The Draught Horse, the oldest bar on Temple University’s North Philadelphia campus and a craft-beer destination, will close Sunday, Feb. 21, which happens to be its 20th anniversary. Its lease is expiring.
A spokesman for the university, which owns the bar’s building on Cecil B. Moore Avenue west of Broad Street, said the New Jersey-based operator Frog Spring would not accept a one-year extension on the same terms. Most restaurateurs opt for long-term leases.
The university spokesman said he had not heard of a potential new tenant. Its space does not appear in any publicly viewable commercial real estate sites.
The Draught Horse’s memories will live on. Even before the last beer is poured, its contents are up for sale in an online auction run by Jennings Auction Group of York Haven, Pa. — all of the fittings and trappings of a bar, from dishwashing equipment and dishes to neon signs and beer tap handles. The bidding will end March 18.
The Draught Horse, a sprawling 300-seater outfitted with dark cherry and mahogany and exposed fieldstone, hosted karaoke nights, business meetings, and countless baby showers and going-away parties for Temple professors and staff. It also served as a sports bar popular among the Temple Owls players, who watched NCAA Tournament selection announcements on its TVs.
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As a cast of students came and went, many employees were a constant. Mike Frost was a student when he helped Payton Bowman set up the bar. Frost is now director of operations for Stable’s four other restaurants, reporting to Bowman, who runs the company for Charlene Walters. Bowman said the company was exploring the idea of relocating the business as it had received other offers.
“It was a great place to work,” Bowman said. “Business was trying for the first couple of years, but it came around.”
At the Draught Horse’s ribbon-cutting on Feb. 21, 2001, alumni remarked that it was the first large “college bar” in memory. Though corner bars were sprinkled through the neighborhood, as primarily a commuter school, Temple never lent itself to such a social experience on nights and weekends.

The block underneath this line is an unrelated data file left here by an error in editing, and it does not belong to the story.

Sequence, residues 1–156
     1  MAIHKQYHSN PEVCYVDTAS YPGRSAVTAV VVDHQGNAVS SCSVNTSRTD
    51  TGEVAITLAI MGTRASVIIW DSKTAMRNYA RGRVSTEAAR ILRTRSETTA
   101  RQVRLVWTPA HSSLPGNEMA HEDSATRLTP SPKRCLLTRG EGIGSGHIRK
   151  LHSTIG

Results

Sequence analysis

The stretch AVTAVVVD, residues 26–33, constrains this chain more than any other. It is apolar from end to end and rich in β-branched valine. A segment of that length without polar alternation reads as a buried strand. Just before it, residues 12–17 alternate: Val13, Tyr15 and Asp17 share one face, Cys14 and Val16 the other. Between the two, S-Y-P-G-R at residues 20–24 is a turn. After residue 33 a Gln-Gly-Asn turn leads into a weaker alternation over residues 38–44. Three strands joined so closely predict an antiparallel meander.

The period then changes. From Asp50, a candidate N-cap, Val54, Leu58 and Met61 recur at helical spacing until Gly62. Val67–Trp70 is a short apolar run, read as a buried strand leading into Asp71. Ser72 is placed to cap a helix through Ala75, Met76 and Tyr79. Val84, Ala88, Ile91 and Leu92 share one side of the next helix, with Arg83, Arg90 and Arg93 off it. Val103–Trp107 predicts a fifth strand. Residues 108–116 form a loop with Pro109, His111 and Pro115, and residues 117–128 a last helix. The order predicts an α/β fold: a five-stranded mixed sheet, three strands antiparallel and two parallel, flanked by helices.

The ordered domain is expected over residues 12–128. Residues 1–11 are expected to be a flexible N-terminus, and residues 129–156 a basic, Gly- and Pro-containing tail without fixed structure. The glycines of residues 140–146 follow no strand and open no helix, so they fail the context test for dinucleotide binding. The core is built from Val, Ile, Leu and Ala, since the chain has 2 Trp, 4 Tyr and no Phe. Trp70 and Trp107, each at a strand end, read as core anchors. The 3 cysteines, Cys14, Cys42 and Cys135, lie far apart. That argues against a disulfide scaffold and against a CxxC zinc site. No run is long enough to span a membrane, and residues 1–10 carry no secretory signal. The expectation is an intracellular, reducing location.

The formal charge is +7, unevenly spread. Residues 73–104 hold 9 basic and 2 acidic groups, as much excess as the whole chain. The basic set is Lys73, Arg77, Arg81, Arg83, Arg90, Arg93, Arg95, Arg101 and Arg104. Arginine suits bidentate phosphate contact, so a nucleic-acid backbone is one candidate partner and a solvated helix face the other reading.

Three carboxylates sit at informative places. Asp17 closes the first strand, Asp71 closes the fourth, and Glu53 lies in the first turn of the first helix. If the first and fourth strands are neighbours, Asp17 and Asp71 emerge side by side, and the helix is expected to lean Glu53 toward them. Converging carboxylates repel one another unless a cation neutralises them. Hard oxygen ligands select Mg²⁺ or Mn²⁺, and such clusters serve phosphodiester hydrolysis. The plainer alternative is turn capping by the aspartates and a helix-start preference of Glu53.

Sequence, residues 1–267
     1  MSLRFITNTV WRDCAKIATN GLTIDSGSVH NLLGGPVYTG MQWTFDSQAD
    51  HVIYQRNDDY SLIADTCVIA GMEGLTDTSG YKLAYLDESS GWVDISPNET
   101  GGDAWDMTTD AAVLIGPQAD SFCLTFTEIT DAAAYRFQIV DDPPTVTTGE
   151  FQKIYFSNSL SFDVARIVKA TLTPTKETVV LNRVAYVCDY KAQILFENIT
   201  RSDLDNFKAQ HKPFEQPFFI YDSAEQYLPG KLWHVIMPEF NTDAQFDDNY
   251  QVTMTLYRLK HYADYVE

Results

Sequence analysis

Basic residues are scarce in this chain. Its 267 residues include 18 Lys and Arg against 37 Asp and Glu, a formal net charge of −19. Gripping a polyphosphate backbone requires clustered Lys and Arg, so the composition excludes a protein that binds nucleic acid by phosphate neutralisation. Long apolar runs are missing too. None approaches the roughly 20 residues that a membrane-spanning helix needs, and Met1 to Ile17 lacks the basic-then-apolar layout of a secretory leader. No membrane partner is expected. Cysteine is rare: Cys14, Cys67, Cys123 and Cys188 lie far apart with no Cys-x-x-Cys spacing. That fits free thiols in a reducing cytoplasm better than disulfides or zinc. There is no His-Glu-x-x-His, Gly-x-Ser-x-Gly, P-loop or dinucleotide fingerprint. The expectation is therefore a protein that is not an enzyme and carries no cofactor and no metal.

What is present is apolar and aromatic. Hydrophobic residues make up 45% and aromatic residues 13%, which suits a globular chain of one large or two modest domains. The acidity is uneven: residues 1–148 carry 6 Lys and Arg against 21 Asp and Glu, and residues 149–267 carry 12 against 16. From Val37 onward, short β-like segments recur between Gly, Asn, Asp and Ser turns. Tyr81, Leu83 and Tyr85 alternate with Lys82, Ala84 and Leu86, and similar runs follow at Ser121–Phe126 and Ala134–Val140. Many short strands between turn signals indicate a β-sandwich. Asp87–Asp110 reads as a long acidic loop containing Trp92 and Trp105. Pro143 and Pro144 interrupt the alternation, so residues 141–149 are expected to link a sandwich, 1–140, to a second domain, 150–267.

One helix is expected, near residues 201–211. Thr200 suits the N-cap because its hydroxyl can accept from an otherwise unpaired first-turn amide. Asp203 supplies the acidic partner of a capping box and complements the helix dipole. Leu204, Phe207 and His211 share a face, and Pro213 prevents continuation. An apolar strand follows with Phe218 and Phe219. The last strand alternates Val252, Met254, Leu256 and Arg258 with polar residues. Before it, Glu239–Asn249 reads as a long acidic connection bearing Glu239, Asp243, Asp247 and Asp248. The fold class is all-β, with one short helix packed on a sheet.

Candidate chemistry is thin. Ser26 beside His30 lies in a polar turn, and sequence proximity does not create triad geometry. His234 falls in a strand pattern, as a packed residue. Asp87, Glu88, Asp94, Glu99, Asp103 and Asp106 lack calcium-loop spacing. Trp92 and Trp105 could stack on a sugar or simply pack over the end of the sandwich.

But the bar fit into Temple’s expansion in the 1990s. The Draught Horse’s building is part of the Liacouras Center, one part of a spate of development that continues today.
As the Draught Horse marks its final days, it is selling off its enviable beer selection, advertising 16 varieties of 64-ounce growlers for less than $24 to those who bring their own containers. Sunday’s finale is expected to be business as usual, Bowman said.
Next week, auctioneer B.J. Jennings and her workers will come in to begin final work on the online auction. Aside from the machinery, dishes, pots, pans, and what she calls “bread-and-butter kinds of stuff,” there will be the “cool stuff — the decor.”
She will sell neon signs, bar panels with various liquor and beer logos, and tap handles prized by collectors. “I’m in the process of cataloguing them right now,” she said. “I’ve got about a hundred of them sitting in tubs in my living room, and I’ve set up a light box” for photos.
The list of items on the auction site — which she said had hundreds of thousands of registered users — will grow starting next week.
Interest should be keen. When she posted word of the sale on Facebook, she said, she heard from her nephew, who had attended Temple. “He immediately sends me this message, saying, ‘No, they’re closing!’”
Asked how much the auction could fetch, she demurred: “You never know. I know what a stove is going to do. I know what a refrigerator is going to do. I know what a fryer is going to do. They’re just commodities. This other stuff is a part of people’s history.”